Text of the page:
If no dirs is specified, then it looks for .torchxconfig in the current working directory. If a specified directory does not have .torchxconfig then it is ignored.

Note that the configs already present in the given cfg take precedence over the ones in the config file and only new configs are added. The same holds true for the configs loaded in list order.

For instance if cfg={"foo":"bar"} and the config file is:

# dir_1/.torchxconfig
[local_cwd]
foo = baz
hello = world

# dir_2/.torchxconfig
[local_cwd]
hello = bob

Then after the method call, cfg={"foo":"bar","hello":"world"}.

torchx.runner.config.load(scheduler: str, f: TextIO, cfg: Dict[str, Optional[Union[str, int, float, bool, List[str]]]]) None[source]

loads the section [{scheduler}] from the given configfile f (in .INI format) into the provided runcfg, only adding configs that are NOT currently in the given runcfg (e.g. does not override existing values in runcfg). If no section is found, does nothing.

torchx.runner.config.dump(f: TextIO, schedulers: Optional[List[str]] = None, required_only: bool = False) None[source]

Dumps a default INI-style config template containing the :py:class:torchx.specs.runopts for the given scheduler names into the file-like object specified by f. If no schedulers are specified dumps all known registered schedulers.

Optional runopts are pre-filled with their default values. Required runopts are set with a FIXME: ... placeholder. To only dump required runopts pass required_only=True.

Each scheduler’s runopts are written in the section called [{scheduler_name}].

For example:

[kubernetes]
namespace = default
queue = #FIXME (str)Volcano queue to schedule job in
Raises:

ValueError – if given a scheduler name that is not known

torchx.runner.config.find_configs(dirs: Optional[Iterable[str]] = None) List[str][source]

Finds and returns the filepath to .torchxconfig files based on the following logic:

  1. If the environment variable TORCHXCONFIG exists, then its value is returned in a single-element list and the directories specified through the dirs parameter is NOT searched.

  2. Otherwise, a .torchxconfig file is looked for in dirs and the filepaths to existing config files are returned. If dirs is not specified or is empty then, this method looks for a .torchxconfig file in CWD (current working dir) and returns the filepath to it if one exists.

torchx.runner.config.get_configs(prefix: str, name: str, dirs: Optional[List[str]]) Dict[str, str][source]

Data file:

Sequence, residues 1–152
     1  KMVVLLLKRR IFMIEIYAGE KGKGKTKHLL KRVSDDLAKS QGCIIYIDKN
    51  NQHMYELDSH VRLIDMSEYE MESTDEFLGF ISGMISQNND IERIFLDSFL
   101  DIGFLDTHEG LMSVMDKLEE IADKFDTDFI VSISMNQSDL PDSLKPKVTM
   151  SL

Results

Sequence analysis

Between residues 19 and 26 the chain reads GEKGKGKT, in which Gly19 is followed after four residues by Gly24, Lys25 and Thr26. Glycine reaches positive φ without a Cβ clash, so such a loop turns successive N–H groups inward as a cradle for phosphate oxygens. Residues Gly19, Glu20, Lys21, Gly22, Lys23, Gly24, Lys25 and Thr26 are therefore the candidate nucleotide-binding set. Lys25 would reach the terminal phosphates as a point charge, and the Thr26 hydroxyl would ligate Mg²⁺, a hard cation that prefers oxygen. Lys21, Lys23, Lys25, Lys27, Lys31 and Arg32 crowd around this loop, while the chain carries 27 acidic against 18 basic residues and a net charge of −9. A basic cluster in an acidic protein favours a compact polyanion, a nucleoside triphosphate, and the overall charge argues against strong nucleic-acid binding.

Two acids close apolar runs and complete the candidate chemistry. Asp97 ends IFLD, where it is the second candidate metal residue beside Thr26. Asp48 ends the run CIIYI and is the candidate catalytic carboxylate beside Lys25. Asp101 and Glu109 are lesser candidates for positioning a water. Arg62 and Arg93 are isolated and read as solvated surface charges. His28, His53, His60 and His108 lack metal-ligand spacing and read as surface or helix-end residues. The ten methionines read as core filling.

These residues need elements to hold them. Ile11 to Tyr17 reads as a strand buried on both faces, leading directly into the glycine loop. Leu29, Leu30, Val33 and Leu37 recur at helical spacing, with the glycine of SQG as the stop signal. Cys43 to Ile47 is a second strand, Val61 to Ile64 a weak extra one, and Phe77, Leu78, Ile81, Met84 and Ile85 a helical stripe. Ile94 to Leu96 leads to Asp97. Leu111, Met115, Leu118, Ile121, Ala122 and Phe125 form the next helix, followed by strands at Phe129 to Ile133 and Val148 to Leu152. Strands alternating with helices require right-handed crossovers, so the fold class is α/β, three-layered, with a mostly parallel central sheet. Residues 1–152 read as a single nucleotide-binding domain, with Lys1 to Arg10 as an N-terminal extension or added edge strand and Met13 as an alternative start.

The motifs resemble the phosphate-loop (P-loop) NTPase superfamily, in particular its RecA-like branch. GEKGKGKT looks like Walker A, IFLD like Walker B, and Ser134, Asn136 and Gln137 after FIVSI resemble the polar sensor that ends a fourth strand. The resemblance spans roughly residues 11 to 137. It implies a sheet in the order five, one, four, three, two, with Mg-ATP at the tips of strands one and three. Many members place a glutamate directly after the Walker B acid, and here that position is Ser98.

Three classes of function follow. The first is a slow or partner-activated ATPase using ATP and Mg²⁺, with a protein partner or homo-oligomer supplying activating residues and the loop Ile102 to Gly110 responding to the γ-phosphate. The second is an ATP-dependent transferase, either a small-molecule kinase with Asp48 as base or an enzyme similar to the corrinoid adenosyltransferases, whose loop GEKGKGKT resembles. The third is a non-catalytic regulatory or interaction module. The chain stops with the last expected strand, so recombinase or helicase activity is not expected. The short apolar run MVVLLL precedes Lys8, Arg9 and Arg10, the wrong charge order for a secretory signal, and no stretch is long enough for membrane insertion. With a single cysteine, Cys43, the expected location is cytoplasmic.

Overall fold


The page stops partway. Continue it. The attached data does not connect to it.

Gets all the config values in the section ["{prefix}:{name}"]. Or an empty map if the section does not exist.

Example:

# for config file:
# [foo:bar]
# baz = 1

get_configs(prefix="foo", name="bar") # returns {"baz": "1"}
get_config(prefix="foo", name="barr") # returns {}
torchx.runner.config.get_config(prefix: str, name: str, key: str, dirs: Optional[List[str]] = None) Optional[str][source]

Gets the config value for the key in the section ["{prefix}:{name}"]. Or None if no section or key exists

Example:

# for config file:
# [foo:bar]
# baz = 1

get_config(prefix="foo", name="bar", key="baz") == 1
get_config(prefix="foo", name="bar", key="bazz") == None
get_config(prefix="foo", name="barr", key="baz") == None
get_config(prefix="fooo", name="bar", key="baz") == None
torchx.runner.config.load_sections(prefix: str, dirs: Optional[List[str]] = None) Dict[str, Dict[str, str]][source]

Loads the content of the sections in the given .torchxconfig file that start with the specified prefix. Returns a map of maps of the section name WITHOUT the prefix with the contents of the section loaded into a map. ":" is used as the prefix delimiter.

Example config format for specifying defaults for the builtin component dist.ddp is shown below:

[component:dist.ddp]
j = 1x2
image = ghcr.io/foo:1

# calling `load_sections(prefix="component")` returns
#  {
#    "dist.ddp": {
#       "j":"1x2",
#       "image":"ghcr.io/foo:1",
#     },
#  }

The keys in the section must match the parameter name of the component function. The example below shows how to represent the various types that are allowable as component parameter types.

[component:foo.bar]
int = 1
float = 1.2
bool = True # or False
str = foobar
list = a,b,c
map = A=B,C=D
vararg = -a b --c=d e

# to call the component as:
foo.bar(
   "-a", "b", "--c=d", "e",
   int=1,
   float=1.2,
   bool=True,
   str="foobar",
   list=["a", "b", "c"],
   map={"A":"B", "C": "D"})